Sandefer, Martha (b. 1952)
Martha has performed many genres of music in a wide variety of settings for nearly thirty years. She recorded, sung, and played with Trapezoid, the folk and contemporary acoustic ensemble. She is currently a member of the Work ‘o the Weavers quartet. Martha is interested in folk music from around the world and has been studying frame drums and performing in concert with percussionist Glen Velez. She is currently working toward a Master's degree in Music Education with a focus on pedagogy at Hartt College of Music in Hartford, CT.
Rose is a civil rights attorney, education activist, songwriter, and playwright living in Selma, AL. She is the mother of three children. Ms. Sanders was Alabama’s first African American woman judge. She has co-founded many organizations which work to protect children.
Scott, Jim (b. 1946)
Senesh, Hannah (1921-1944)
Hannah volunteered for a rescue mission in Europe during World War II. She was captured, tortured, and executed by a firing squad in Budapest, Hungary on November 7, 1944, at the age of twenty-three. Her legacy, which was published after her death, includes a personal diary, a collection of poems, a play, letters, photographs, and various documents. Learn more about Hannah’s life.
Shabalala, Joseph (b. 1941)
Joseph is the leader of the South African group Ladysmith Black Mambazo who came to the world's attention after contributing to Paul Simon's Graceland album. The name "Shabalala" has an interesting origin. "Shaba" means to wake up and "lala" means to enter the world of dreams, so Shabalala means to "wake up to the world of dreams." Discover more about Joseph Shabalala.
Shelton, Jason (b. 1972)
Jason is an award-winning composer, arranger, conductor, singer, multi-instrumentalist, teacher, workshop and retreat leader, as well as the director of music at the First Unitarian Universalist (UU) Church in Nashville, TN. He holds a BA in Classics from Saint Meinrad College—a Catholic seminary in Indiana; and an M.Div. from Vanderbilt Divinity School. Since coming to First UU in 1998, Jason has been exploring how a Unitarian Universalist ministry of music might come to life both in the congregation and the larger community. He was fellowshipped and ordained to the Unitarian Universalist ministry in 2004. In 2005, Jason released his first CD entitled The Fire of Commitment, which features studio recordings of several of the pieces found in Singing the Journey. Rev. Shelton also served on the New Hymns Task Force that developed this supplement. More information about Jason and his music can be found on his website.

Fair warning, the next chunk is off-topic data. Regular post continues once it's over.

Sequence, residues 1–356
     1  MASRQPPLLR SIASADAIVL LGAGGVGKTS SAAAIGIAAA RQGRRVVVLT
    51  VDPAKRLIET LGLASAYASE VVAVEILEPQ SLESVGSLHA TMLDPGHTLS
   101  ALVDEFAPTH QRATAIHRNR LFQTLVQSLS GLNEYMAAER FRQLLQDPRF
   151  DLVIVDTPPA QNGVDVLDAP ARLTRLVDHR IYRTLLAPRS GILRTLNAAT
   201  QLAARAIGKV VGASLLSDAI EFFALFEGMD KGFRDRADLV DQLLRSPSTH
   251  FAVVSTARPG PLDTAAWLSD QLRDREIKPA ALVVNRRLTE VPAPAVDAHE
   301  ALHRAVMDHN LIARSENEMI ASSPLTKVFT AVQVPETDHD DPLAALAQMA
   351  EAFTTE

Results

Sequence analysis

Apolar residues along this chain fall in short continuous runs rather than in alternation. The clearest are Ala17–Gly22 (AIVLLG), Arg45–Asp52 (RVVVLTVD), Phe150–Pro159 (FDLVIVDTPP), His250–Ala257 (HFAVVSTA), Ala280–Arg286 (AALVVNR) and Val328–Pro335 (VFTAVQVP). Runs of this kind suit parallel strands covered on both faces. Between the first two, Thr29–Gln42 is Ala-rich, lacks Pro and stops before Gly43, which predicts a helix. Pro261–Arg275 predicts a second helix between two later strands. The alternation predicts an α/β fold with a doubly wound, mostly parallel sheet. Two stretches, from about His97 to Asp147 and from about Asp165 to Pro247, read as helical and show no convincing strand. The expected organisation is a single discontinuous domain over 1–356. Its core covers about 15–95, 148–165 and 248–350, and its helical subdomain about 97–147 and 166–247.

Small, Fred (b. 1952)
Fred was born in Plainfield, NJ. Grandnephew of Thomas Hart Benton, the American regionalist painter (and outstanding harmonica player), Fred was playing guitar and singing folk songs by age seven. After graduating from Yale, Fred earned a law degree and a Master's Degree in natural resources policy at the University of Michigan. Fred wrote his first song in 1974 on the morning of his first law school examination. In 1980 Fred left his position as staff attorney at the Conservation Law Foundation to pursue his career in music full time.
In September 1996, Fred entered Harvard Divinity School in preparation for Unitarian Universalist ministry. He is now pastor of First Church Unitarian, Littleton, MA, and co-chair of Religious Witness for the Earth. See more information on Fred Small’s music.
Smith, Kenny (b. 1965)
Kenny graduated from the School for the Creative and Performing Arts in Cincinnati. He is currently completing a degree in Music Education at the College-Conservatory of Music in Cincinnati. Kenny is the founder and director of Peace and Serenity, a gospel based choir going into its 21st year. He and his ensemble, Peace and Serenity, are in demand across the tri-state area. Kenny is especially sought out for his brilliance as a gospel and improvisational keyboard artist. He is director of music at the First Unitarian Universalist Church in Cincinnati, OH.
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Last updated on Thursday, August 21, 2014.
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